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Isolation isn’t good for anyone really. But it can be particularly hard on the elderly because of the significant risks that isolation poses on their health and well-being. Studies have indicated that seniors who live an isolated existence have more health issues and a higher risk of dying sooner than those who are more social. As a result, they take on more medical expenses.
So we’ve talked about the importance of senior nutrition and avoiding potentially tragic slip and fall incidents in seniors, but now we’re going to discuss something that has the capacity to impact the elderly with much greater severity than both of those combined. Having Quality In Home Senior Care is more critical than ever when a senior has been residing in isolation. Simply because a socially isolated existence is significantly more dangerous.
Living alone does not always mean living in isolation. Many seniors can live on their own and lead interesting and satisfying lives. But it’s when they maintain little to no contact with their adult children, friends, or family that living alone can start to become a life of isolation.
This existence can breed feelings of deep depression and sadness, leading to a marked inability to perform even the most basic routine everyday activities. They have also been shown to have more chronic medical issues.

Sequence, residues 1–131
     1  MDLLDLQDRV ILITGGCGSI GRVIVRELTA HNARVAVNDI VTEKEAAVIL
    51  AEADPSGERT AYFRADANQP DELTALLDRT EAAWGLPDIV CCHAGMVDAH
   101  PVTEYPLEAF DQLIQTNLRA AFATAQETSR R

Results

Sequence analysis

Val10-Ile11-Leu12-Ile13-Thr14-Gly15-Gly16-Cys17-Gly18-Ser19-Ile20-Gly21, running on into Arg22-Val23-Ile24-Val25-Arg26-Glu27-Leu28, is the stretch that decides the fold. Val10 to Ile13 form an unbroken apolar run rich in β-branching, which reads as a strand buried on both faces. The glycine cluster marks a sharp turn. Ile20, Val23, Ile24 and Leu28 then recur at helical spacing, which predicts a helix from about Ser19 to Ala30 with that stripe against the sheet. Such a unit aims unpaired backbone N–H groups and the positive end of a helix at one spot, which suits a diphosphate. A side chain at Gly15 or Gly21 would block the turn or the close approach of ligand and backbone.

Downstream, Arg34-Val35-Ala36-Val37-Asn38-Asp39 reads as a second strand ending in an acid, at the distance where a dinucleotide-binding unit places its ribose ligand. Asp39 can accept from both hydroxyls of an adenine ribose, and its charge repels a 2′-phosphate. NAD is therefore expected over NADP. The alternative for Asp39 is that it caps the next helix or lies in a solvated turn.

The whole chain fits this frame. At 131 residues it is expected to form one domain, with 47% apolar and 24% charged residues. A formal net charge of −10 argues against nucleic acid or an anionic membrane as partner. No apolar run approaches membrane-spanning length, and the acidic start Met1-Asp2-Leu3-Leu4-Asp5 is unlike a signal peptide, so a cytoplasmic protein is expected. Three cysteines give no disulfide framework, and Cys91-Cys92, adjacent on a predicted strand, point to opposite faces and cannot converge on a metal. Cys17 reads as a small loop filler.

Widows and widowers can have it the worst as having lost a life partner can lead to that isolation in many instances. These feelings of depression and loneliness are made worse as the emotional impact of losing a loved one can make them less likely to seek out social situations due to their grief.
Seniors who are living in isolation are also more often sick with Medicare spending nearly $2,000 more annually on members who are not socially active. These individuals are also more likely to need to receive care from a nursing facility or home after a hospital visit as they were unable to be discharged safely to go back to their own residence.
Even the hospital stay can be substantially more expensive for seniors who are isolated. This is due to the fact that they were held in the facility for a longer period of time since there was no one they could turn to for physical and/or emotional support once they were released from care.
The most jarring aspect of a senior living in isolation is that he or she is statistically more likely to pass away earlier than seniors who were socially active with family and friends. But what is more compelling about this statistic is that the isolation wasn’t necessarily the cause of the illness or the earlier death, but that seniors chose to isolate themselves because they are already dealing with an illness or condition that is more likely the cause of that death.
This makes isolation something that needs to be better defined in the senior community and identified as a way to keep the elderly healthy and happy.